Europe aims to break Sky monopoly

The EC Competition Commissioner, Neelie Kroes, and the League's chief executive, Richard Scudamore, will have a meeting in Brussels next Tuesday in a last-ditch attempt to avoid a lengthy court battle over the issue.

The crux of the problem is that Kroes wants more than one broadcaster to win the live rights for the 2007 to 2010 seasons. Sky currently holds exclusive rights to all 138 live Premiership games per season, with 88 available to general subscribers, and 50 more on a pay-per-view basis.

Fans wanting to watch live Premiership games at home must pay Sky a minimum of £34 a month, and extra for the PPV games.

The EC argues that Sky's monopoly is bad for consumers. The League is planing to sell the next set of rights in five packages of 28 games, with no broadcaster allowed more than four packages. This, it claims, should satisfy the EC.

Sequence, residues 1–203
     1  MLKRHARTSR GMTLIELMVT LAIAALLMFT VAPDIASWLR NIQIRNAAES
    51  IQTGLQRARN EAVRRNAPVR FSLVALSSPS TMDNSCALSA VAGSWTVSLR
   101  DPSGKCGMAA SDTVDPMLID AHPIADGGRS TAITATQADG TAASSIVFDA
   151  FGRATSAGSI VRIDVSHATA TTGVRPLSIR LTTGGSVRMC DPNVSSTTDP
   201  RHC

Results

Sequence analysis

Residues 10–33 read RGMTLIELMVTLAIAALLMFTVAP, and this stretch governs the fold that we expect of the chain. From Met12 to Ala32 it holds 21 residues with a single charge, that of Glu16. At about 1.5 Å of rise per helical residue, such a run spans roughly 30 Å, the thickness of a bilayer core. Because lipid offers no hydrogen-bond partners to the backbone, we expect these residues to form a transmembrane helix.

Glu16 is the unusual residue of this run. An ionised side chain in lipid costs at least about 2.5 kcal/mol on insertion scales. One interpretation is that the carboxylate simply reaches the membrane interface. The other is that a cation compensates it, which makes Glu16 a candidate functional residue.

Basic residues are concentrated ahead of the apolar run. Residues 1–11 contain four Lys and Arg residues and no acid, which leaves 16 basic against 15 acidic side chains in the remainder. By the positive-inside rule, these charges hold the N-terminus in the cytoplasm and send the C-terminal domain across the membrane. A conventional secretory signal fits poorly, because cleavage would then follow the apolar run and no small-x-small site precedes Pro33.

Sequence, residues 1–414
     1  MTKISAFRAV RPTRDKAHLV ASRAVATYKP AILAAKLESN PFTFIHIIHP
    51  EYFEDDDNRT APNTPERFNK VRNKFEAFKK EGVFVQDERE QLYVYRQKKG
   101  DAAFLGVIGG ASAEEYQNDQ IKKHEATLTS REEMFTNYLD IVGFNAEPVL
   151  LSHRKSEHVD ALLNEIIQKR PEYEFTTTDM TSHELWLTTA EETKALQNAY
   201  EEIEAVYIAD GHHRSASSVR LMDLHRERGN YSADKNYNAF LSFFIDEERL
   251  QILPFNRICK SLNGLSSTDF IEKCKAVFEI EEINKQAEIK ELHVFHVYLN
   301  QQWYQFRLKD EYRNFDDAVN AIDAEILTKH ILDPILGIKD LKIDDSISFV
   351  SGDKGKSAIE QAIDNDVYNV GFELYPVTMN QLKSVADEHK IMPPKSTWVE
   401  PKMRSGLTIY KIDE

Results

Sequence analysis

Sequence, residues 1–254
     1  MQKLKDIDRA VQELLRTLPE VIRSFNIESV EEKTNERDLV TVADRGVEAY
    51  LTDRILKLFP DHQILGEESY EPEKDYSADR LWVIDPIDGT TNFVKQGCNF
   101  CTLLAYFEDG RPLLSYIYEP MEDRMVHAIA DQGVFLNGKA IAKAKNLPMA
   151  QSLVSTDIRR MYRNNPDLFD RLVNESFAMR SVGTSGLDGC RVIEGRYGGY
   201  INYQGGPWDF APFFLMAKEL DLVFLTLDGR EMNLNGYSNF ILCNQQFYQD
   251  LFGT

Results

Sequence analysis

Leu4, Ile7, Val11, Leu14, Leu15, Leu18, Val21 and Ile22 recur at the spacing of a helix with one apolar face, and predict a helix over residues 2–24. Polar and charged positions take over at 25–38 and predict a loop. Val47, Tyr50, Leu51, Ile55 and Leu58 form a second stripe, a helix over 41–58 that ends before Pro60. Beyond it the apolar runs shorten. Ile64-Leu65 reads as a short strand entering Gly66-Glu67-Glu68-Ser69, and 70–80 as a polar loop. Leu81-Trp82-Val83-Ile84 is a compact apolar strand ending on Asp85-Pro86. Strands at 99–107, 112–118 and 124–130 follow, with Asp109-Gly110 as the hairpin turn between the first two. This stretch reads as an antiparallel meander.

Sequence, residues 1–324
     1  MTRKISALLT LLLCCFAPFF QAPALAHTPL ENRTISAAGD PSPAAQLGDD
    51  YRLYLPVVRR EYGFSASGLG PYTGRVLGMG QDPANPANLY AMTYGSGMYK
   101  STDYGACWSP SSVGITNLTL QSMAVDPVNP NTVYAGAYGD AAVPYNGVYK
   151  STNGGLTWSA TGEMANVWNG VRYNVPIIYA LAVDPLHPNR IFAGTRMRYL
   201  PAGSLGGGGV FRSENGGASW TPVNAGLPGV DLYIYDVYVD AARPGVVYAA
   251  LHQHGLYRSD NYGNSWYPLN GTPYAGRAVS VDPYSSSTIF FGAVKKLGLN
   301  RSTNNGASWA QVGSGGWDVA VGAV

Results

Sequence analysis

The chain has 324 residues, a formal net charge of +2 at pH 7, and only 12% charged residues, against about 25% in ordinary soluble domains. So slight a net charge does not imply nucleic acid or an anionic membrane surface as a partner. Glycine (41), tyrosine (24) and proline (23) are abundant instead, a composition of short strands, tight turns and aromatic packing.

However, EC sources argue that merely guaranteeing one package to a broadcaster other than Sky does not in itself prove that the League has created a genuinely level playing field.

The EC wants cast-iron guarantees that Sky will not be given any advantage in bidding, for example by being allowed to offer "premium payments" if it secures a specific - and majority - share of the rights.

Without a healthy majority of the rights, Sky faces losing large amounts of customers, many of whom picked Sky on the basis of its football content.

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